Note: Many economists measure it the other way around, but I prefer barrels per ounce because if you do it the other way around the numbers come out messier i.e. as a fraction.
And if several years ago, gold was at $500 an ounce and oil was at $50 the ratio would be the same. So we need to look at the historical ratio and see what a reasonable number of barrels per ounce is. (Another way to look at it would be in ounces of Gold per hundred barrels of oil.)
We used the free market price of gold rather than the government fixed price of $35 / ounce. We also used the free market price of oil (called stripper) rather than the government fixed price for the period it was fixed.
From that we come up with the following table:
Gold and Crude Price
|# of bbl Oil 1 OZ Gold will buy|
|Year||Average $/bbl||Average $/oz||Ave bbl / oz|
If we look at the ratio of Gold to Oil since 1946, the average turns out to be 14.869 barrels of oil per ounce of gold. Or 1 ounce of gold will buy almost 15 barrels of Oil on average.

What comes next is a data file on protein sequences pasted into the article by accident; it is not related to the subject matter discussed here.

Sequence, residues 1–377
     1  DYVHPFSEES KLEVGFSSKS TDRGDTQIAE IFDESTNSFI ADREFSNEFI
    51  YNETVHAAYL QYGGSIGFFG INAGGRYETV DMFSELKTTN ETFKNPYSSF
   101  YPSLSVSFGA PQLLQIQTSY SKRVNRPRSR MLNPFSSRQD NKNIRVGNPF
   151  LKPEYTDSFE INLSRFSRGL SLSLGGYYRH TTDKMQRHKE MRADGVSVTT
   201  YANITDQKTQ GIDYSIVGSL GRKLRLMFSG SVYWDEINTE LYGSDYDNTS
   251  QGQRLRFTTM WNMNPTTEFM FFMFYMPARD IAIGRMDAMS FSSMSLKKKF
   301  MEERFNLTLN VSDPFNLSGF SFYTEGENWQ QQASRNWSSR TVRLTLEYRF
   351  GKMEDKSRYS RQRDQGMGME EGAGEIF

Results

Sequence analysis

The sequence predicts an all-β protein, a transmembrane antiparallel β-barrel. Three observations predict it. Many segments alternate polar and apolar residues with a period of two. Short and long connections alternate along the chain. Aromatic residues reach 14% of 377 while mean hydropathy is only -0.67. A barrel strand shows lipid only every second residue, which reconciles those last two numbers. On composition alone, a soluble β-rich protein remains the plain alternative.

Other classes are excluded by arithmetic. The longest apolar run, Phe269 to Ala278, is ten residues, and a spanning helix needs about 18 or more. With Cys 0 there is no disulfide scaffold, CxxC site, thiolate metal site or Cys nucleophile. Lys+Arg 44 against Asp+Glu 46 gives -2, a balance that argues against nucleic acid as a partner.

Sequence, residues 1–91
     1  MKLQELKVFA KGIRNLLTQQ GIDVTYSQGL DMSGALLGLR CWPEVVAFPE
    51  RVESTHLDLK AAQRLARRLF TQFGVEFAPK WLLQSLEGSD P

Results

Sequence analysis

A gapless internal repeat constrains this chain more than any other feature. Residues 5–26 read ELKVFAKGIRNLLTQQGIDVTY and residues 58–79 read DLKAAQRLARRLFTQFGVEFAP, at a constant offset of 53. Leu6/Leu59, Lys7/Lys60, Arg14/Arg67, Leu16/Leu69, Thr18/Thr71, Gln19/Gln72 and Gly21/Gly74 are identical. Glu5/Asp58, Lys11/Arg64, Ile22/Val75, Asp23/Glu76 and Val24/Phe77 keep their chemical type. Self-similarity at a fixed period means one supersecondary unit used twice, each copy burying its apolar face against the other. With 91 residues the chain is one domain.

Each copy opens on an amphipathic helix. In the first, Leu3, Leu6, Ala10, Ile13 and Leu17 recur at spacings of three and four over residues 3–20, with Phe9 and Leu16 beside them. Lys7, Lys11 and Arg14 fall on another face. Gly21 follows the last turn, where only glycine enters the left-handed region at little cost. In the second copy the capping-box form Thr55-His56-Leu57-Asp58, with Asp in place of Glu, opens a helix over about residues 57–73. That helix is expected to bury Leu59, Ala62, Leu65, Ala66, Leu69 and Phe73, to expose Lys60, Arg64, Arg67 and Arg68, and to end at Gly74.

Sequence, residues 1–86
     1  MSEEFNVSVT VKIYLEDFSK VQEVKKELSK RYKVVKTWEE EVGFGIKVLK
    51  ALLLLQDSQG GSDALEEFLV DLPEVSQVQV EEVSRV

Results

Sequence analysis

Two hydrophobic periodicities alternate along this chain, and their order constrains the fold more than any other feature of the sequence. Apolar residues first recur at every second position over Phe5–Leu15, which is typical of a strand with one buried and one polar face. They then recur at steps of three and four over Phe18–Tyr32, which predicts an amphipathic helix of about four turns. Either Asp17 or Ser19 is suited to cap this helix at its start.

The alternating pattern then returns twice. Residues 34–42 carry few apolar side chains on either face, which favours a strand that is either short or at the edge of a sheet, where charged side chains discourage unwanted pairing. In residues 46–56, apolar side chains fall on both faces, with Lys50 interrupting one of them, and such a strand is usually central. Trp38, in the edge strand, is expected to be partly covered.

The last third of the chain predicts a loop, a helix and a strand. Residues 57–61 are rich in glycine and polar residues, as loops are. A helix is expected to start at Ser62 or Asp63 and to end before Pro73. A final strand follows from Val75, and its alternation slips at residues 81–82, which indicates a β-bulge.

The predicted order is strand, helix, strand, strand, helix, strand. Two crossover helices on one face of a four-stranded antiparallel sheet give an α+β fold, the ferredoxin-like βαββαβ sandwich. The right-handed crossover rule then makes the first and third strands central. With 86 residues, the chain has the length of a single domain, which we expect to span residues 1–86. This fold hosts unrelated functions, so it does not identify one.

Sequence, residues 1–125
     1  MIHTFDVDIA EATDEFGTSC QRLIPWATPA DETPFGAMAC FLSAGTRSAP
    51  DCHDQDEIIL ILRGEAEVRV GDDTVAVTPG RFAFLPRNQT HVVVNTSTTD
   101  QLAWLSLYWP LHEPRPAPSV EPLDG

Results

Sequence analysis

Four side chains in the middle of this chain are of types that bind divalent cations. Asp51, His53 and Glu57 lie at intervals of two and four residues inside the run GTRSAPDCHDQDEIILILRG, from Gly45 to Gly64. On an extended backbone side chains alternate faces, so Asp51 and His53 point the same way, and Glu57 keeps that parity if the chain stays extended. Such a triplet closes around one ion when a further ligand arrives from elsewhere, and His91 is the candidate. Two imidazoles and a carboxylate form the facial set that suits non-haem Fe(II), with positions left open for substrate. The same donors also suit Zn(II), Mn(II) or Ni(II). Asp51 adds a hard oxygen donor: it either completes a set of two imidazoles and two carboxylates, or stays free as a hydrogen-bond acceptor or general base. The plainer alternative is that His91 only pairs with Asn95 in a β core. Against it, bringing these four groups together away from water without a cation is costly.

If we look at the average ratio during 2011 one ounce of gold would buy 18 barrels of oil or slightly more than normal. This tells us that either Gold was expensive or Oil was cheap (or both). By 2012 the average ratio had gotten even more expensive for gold (gold went up $97.46 i.e. 6.2% while oil went down 58 cents or less than 1%). But with the recent gold correction gold has come down closer to normal at 16.881. But that means that gold could fall further or oil will have to rise. But with oil fracking putting pressure on oil prices that seems unlikely.
Back in 2008 when the ratio was less than 10 the ratio was the other way around with oil expensive and/or gold cheap.
But this is where arbitrage comes in… what we could do if oil is cheap, is buy oil and sell gold hoping the ratio would move toward normal. That way if oil rises in price and gold stays the same you make money. If gold falls in price and oil stays the same you make money. Even if both rise in price because of inflation but oil rises more so the ratio normalizes you make money, or if both fall in price but oil falls less, etc.
Quiz # 1